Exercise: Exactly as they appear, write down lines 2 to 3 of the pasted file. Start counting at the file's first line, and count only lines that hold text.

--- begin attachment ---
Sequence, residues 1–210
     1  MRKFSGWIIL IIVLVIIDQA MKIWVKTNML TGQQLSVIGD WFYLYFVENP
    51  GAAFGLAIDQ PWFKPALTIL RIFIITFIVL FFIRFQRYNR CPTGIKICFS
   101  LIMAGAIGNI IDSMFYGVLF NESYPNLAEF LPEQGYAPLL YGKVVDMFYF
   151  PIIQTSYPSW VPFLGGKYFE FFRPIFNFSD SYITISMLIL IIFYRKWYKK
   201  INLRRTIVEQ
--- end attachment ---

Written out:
     1  MRKFSGWIIL IIVLVIIDQA MKIWVKTNML TGQQLSVIGD WFYLYFVENP
    51  GAAFGLAIDQ PWFKPALTIL RIFIITFIVL FFIRFQRYNR CPTGIKICFS